Friday, May 02, 2003

Symbiosis, or fractals on movies and music

The other night on one of those "Behind the Music" shows, to which I'm unapologetically addicted and will only turn away from when my wife mumbles a sour wish that I preferred sports (I'm missing the sports gene entirely - I can see why cats and dogs chase balls, but I have no idea why people do, or care to watch other people chase them), I discovered that Aerosmith wrote the lyrics to "Walk This Way" after they saw that Marty Feldman gag in Young Frankenstein. How cool is that?!

I get extreme jollies from that kind of stuff. As a kid, when other kids were sorting baseball cards or reading stats on some football team, I was devouring the The Harmony Illustrated Encyclopedia of Rock, which included Pete Frame's marvelous rock family trees (the third page on this Amazon "Look Inside" sample shows one). The Rock Family Trees traced which members were in which bands for specific albums and tours, and were festooned with little rock trivia gems among the branches. Through these things some interesting details come out, such as the Eagles, Poco, Jackson Browne, Joe Walsh, and Linda Ronstadt were more or less one big band behind the scenes, as were Steely Dan and the Doobie Brothers.

I am the Cliff Claven of rock trivia.

So, the other day I was grooving along to the Flaming Lip's Yoshimi Battles the Pink Robots (like someone said in the comments of another blog recently, it's like audio crack), and I wondered why "pink" robots? Well, in two great sci-fi movies, The Matrix and Bladerunner, the robots were pink, mostly. (And in The Matrix they weren't technically robots, but software bots, so let's not quibble.) (And I think they're always pink because robots equate to slaves, and having someone black in those roles would probably too close to the bone for many.) Thus, I concluded, those movies are probably the influence or source inspiration for Yoshimi. I listened closely to the lyrics after that revelation, and I'm pretty sure I'm right. (If you follow the link above, you can preview the entire album and the lyrics on their site. What do you think? Is Yoshimi the red-headed step-child of Bladerunner or what?)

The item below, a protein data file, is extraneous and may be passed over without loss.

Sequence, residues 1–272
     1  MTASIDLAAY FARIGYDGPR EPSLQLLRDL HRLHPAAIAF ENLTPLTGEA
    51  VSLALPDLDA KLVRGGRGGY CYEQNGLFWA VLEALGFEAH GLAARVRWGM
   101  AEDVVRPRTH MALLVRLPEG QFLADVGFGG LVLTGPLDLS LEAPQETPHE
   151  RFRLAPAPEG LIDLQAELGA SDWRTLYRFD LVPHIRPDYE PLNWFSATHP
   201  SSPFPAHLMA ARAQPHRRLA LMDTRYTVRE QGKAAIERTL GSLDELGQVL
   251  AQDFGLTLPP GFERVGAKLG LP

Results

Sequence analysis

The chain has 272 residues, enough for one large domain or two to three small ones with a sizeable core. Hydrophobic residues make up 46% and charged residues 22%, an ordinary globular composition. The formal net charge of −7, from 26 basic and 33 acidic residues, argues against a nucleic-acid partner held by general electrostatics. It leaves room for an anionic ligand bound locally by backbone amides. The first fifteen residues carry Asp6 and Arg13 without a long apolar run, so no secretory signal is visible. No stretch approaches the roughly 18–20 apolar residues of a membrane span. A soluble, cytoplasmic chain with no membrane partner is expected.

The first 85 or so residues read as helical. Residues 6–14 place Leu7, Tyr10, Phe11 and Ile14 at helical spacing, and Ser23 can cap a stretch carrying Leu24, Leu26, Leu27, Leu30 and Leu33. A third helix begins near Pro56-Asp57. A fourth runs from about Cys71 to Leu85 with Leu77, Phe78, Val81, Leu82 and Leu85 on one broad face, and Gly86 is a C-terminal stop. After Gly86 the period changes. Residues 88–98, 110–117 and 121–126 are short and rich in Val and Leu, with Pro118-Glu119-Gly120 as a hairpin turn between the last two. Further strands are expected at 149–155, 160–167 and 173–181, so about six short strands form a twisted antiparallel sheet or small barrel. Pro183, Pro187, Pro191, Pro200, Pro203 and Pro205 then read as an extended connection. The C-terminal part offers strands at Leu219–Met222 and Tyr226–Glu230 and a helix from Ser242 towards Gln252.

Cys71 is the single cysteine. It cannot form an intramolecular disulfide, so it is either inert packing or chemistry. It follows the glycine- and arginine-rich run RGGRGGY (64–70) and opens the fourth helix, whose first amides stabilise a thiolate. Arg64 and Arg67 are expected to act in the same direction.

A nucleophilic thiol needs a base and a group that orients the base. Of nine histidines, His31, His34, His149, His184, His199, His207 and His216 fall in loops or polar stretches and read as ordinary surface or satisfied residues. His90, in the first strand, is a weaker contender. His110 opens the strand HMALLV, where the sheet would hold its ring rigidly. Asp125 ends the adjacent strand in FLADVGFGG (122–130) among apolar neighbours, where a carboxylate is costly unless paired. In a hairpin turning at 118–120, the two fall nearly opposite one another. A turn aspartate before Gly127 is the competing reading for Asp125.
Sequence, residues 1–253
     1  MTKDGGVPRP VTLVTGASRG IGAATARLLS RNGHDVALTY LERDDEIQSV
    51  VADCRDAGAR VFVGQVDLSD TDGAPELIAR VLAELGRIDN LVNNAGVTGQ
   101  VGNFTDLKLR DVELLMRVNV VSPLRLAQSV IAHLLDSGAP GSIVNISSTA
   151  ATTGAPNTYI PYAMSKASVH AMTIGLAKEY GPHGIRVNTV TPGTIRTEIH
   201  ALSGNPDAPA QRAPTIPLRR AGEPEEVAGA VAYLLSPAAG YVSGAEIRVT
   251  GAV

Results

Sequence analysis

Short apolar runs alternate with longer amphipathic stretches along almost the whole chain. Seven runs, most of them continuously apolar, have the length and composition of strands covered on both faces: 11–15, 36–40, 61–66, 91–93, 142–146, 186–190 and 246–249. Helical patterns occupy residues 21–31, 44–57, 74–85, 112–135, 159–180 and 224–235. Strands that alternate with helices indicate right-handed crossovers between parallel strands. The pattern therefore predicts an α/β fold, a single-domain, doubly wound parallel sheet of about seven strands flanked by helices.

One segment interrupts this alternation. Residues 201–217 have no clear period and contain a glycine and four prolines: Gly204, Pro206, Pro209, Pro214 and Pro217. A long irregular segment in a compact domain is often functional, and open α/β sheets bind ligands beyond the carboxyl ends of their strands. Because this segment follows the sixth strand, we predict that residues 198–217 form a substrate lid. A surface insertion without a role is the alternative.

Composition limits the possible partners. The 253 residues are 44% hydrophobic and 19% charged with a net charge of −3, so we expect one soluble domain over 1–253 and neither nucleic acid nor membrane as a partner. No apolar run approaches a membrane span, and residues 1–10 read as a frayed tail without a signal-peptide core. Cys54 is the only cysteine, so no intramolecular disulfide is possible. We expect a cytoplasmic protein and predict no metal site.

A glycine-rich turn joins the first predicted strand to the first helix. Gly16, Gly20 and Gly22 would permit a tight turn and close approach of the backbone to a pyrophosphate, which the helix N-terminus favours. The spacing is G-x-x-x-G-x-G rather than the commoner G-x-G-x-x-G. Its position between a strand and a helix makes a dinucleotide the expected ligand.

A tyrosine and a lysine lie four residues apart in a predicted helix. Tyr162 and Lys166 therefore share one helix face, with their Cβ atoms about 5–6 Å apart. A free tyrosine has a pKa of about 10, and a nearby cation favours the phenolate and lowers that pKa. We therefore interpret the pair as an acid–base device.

That got all up in my process, so I wondered about other albums that were probably inspired by movies, other than the obvious Heartlight ("Turn on your heartlight!" -- {full body shudder}) by Neil Diamond, his ode to E.T The Extraterrestrial. Went pouring through my copious CD racks and nothing stood out at me. The only other one I thought of was White Zombie's "More Human than Human", which was probably also inspired by the plight of the androids in Bladerunner.

TLD: "More Human than Human" is a great song, but I don't own that White Zombie album, because after I had a look at my brother-in-law's copy, I decided I didn't want to give my money to someone who would include a picture of a nun about to have sex with the devil in the cover art. Some folks claim it's just cartoon satanism, done for the shock value, don't get your undies in a bunch already. No. It just shows how utterly some people misunderstand the religious experience. Could anyone find humor or satire in that same graphic if the nun were replaced by a picture of their mother? I doubt it. MHTH is still a great song though. Steal it off the web somewhere. I recently noticed that you can hear either pudenda slapping together or the bed creaking during the sounds of ecstasy in the intro before that great guitar riff explodes, making it yet another song I can't play around the house anymore for fear of having to explain it to my young daughter who misses nothing. ;)